According to advocate Seth Nthai, representing home affairs, the department conducted a count and found that 268 children are living at the church. They are between the ages of 1 month and 17-years-old.

Nthai was “surprised” by the City of Cape Town’s stance to refuse alternative facilities and argued that it had a “Constitutional and legislative responsibility to do so”.

The city has flouted the right to human dignity,” he said, adding that the church was an unhealthy and unsafe environment.

He said home affairs was ready and willing to conduct status determination for the displaced migrants, but needed a suitable location to conduct the process.

It is not practically possible with the facilities we have,” he argued, saying the department would deploy staff from Pretoria to help speed up the process should facilities be made available.

Balous told the court that approximately 500 displaced migrants were living in the church, 90 of which are undocumented, 68 were asylum seekers who had lost their papers and the rest were children.

Nacerodien had said the city was not responsible for what he called a “refugee issue”. “It should be dealt with by the Department of Home Affairs.”

Judge Savage reminded Nacerodien that the city had approached the court for the interdict: “I find it difficult to understand how it’s a home affairs problem.”

Judge Savage accused the city of using the interdict application as a “backdoor” approach to getting an eviction order.

She argued that the relief sought by the city would create unlivable conditions for the refugees who would then be forced to move: “The city has provided no provisions for ablutions or cooking. You cannot live if you do not ablute or eat,” said Savage.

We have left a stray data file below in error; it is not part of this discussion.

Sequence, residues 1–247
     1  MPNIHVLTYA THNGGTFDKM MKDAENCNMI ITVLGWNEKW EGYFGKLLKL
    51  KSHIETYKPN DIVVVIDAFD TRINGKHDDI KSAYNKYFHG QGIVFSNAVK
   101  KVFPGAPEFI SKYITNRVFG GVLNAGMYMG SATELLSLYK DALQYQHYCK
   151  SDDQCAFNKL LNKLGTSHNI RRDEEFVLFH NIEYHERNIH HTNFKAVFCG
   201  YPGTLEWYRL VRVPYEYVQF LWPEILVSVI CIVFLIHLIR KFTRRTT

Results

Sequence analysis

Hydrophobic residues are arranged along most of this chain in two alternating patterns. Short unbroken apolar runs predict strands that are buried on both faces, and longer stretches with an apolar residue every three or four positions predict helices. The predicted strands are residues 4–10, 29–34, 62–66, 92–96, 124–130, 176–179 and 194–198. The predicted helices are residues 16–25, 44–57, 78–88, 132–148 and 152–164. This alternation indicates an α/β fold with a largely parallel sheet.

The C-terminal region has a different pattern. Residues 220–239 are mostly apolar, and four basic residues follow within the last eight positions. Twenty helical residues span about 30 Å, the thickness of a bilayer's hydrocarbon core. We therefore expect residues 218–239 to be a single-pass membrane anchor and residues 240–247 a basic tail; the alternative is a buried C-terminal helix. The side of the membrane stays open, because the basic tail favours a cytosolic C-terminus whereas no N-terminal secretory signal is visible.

After the case was postponed to January 22, 2020 refugees and asylum seekers gathered outside court holding protest banners on Friday 13 December. (Photo: Sandisiwe Shoba)

Nacerodien responded saying the city’s application was never an intention to create an eviction but was simply “an upholding of the rule of law”.

The court adjourned briefly to allow Nacerodien to consult with the city. Upon resuming, he told the court that accommodation was not available for 600 people.

He had no report back on whether ablutions could be provided and regarding food, he suggested that Gift of the Givers be invited back to the church to provide aid. This is after they withdrew from the church in early November 2019 after butting heads with the refugee leaders.

To Judge Savage’s dismay, Nacerodien requested the matter be postponed to a later date, for fear that a ruling may result in the city being held in contempt of court orders. Balous was asked if he wanted to file responding papers to allegations of intimidation and harassment made by the city. He agreed.

The case was postponed to 22 January 2020 and Balous must file responding papers by 27 December. DM